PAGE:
“In the beginning God created the heaven and earth.”
“I believe in God the Father Almighty, creator of heaven and earth . . . .”
On this basic confession virtually all Christians agree. Where we disagree is over when and how God created. In the 17th century Archbishop James Ussher of Ireland famously asserted with confidence, based on the genealogies in the Old Testament, that God's initial act of creation occurred on the evening of 22 October 4004 BC, that is, slightly more than 6,000 years ago. While young-earth creationists may not necessarily accept this precise time, they nevertheless date God's initial creative act back only thousands or tens of thousands of years. Moreover, according to the modern rabbinic Jewish calendar, this year is 5776, which effectively dates the beginning of creation to 3761 BC. The Septuagint chronologies similarly date creation to 5509 BC.
Obvious difficulties abound with all of these chronologies. To begin with, we know that the light of the most distant stars visible on earth has been travelling for some 13 billion years prior to reaching us. This would appear to give us a readily discernible date for the beginning of the cosmos as we know it, often referred to as the Big Bang. Furthermore, the last of the dinosaurs died off some 65 million years ago, and the first hominid species appeared several million years ago, far too early for assigning such a late date to that initial act of creation.
Recognizing these realities has brought into being old-earth creationists who believe that that initial act of creation must be pushed back much, much further into the past. Perhaps the Big Bang marks the initial act of creation, when the universe initially exploded and began expanding outwards, as it continues to do today. Those Christians arguing for an old earth have considerable empirical support on their side, including the geological record, the length of time light takes to travel from one part of the universe to another, carbon-14 dating, and fossil and genetic evidence for the evolution of species across long stretches of time.
Which of these is correct? I strongly suspect that both are equally wrong in locating God's initial act of creation within or even at the beginning of the temporal succession of events. Could the Bible's “in the beginning” be atemporal or supratemporal? After all, if time is the creature of God, then he would have had to call time into existence as part of his initial creative act. But if we try to pinpoint a time when time was created, we are inadvertently proposing that time is not a creature at all, pre-existing or perhaps co-existing with God. This would effectively ascribe divinity to time, much as the ancient Greeks worshipped old Chronos (Χρόνος) himself. That, of course, would make God a subordinate being and less than fully God. No faithful small-o orthodox Christian could accept this possibility.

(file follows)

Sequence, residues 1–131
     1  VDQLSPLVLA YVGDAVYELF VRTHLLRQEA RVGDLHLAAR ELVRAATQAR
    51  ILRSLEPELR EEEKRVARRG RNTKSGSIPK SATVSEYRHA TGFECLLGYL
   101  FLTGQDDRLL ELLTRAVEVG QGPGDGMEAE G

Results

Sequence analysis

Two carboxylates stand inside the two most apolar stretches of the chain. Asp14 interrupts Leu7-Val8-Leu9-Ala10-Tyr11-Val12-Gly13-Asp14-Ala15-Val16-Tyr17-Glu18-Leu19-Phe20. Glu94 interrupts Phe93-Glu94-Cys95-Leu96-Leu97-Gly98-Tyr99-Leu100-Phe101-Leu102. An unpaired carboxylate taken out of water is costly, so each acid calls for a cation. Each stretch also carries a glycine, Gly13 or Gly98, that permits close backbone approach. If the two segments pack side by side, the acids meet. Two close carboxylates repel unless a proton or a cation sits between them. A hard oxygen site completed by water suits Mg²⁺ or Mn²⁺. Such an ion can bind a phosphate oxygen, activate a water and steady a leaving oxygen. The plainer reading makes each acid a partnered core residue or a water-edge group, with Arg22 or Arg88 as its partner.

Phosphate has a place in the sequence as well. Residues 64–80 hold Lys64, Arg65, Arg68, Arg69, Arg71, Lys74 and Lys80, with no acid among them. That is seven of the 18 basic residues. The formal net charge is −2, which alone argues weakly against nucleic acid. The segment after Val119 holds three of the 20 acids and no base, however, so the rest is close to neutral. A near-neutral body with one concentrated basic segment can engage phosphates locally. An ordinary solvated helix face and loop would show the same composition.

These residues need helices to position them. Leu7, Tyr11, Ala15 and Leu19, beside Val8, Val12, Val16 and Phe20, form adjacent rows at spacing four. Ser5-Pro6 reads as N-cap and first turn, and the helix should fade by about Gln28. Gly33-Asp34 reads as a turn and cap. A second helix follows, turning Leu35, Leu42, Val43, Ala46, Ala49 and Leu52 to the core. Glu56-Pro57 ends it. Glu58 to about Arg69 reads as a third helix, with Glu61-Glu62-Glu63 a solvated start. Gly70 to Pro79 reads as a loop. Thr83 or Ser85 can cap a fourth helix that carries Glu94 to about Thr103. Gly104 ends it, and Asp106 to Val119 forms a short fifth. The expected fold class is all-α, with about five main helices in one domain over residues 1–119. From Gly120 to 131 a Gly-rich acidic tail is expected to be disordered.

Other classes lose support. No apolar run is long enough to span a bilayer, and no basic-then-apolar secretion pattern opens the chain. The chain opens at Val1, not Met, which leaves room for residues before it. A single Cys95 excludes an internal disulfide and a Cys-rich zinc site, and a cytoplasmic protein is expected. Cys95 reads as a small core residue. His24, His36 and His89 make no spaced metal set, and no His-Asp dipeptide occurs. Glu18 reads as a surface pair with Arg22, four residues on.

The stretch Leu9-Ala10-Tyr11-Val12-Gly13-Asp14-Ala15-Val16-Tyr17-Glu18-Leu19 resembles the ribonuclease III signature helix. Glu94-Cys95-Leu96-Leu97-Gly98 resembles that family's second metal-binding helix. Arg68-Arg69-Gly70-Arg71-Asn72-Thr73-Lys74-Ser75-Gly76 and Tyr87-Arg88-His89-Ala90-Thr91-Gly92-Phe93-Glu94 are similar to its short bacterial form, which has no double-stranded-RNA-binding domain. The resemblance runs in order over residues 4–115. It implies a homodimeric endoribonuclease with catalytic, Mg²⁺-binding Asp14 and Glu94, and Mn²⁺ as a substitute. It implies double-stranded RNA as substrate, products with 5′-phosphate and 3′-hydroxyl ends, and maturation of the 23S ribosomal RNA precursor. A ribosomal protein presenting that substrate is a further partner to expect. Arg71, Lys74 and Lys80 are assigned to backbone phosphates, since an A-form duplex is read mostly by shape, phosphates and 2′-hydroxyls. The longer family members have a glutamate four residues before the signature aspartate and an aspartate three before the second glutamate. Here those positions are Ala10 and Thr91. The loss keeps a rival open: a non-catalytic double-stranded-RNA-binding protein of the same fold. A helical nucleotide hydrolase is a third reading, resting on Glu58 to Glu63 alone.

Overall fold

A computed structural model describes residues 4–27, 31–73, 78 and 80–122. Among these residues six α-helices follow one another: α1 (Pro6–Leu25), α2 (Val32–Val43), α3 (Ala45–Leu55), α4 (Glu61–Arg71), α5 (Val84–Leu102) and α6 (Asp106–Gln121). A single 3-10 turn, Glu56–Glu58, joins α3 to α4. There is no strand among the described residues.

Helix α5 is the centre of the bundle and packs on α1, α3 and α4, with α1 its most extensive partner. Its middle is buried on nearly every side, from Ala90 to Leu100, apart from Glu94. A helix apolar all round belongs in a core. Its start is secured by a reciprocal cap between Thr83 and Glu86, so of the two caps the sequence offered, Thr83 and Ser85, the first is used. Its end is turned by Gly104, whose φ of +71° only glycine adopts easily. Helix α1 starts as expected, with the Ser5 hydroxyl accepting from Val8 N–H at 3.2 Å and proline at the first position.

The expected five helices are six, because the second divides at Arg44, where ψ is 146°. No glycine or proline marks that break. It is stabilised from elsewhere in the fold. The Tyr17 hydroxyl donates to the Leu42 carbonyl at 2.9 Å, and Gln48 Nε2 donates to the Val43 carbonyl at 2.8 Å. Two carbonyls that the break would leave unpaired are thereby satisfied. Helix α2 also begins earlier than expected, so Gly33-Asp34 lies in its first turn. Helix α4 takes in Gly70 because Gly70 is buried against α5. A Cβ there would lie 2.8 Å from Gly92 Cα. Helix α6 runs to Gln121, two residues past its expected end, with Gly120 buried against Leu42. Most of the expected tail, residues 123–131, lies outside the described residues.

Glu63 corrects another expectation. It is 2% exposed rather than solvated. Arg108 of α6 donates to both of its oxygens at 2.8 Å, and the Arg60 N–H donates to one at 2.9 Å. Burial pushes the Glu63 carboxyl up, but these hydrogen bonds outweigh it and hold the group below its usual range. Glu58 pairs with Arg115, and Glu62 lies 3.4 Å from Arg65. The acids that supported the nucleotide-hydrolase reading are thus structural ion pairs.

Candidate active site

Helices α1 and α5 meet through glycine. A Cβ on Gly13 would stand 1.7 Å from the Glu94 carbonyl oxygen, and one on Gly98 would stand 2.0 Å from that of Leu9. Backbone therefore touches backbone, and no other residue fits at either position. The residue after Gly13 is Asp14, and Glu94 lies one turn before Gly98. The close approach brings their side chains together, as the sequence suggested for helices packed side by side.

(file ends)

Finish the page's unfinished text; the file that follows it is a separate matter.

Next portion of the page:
What then is the alternative? Admittedly, I am not a theologian and have no aspiration to become one. Thus what I propose here I do with due caution and modesty, and will not stake my reputation on it. I am, of course, open to correction. But could it be that that initial act of creation cannot be located at all along the temporal continuum of past, present and future? The Big Bang is not a satisfactory candidate, because the theory behind it still presupposes that matter pre-existed the Big Bang, which goes against the biblical notion of creatio ex nihilo, creation out of nothing. The Big Bang better fits into Plato's cosmology as set forth in the Timaeus than into a biblical worldview. Thus it cannot be the initial point of creation. It is often objected that six-day creationists assume that God brought everything into being a few thousand years ago and gave it the appearance of age by planting fossils and exposing the earth to starlight appearing to be billions of years old. They would thus seem to make God into a grand deceiver, tricking people into believing that the cosmos is older than it really is.
Yet what if God brought everything into being at once while giving it, not just the appearance of age, but a real history capable of being detected by his image-bearing human creatures? We may not be able to locate the temporal beginnings of matter and energy, but they nevertheless have their origins in the God who is outside history while nevertheless choosing to act within it, particularly in the person of Jesus Christ. Thus the moment before God created is a “transcendental before,” not to be located in the remote past but outside time itself within the nihil, or nothingness, of everything that is not God. This transcendental before is inaccessible to the human mind and experience; therefore it cannot properly be the object of theoretical thought any more than darkness can be visible to a blind eye or silence audible to the deaf.
Although a two-dimensional diagram may not be the best way to portray visually God's creative activity, the following may serve to illuminate my proposal:
If my proposal is correct, then the argument between young-earth creationists and those holding to an old earth may rest on a false dichotomy. If God's initial creative activity cannot be located along the temporal succession of events, then it may be time (!) at last to lay this verbal conflict to rest and to come up with a fresh way to articulate an ancient truth.
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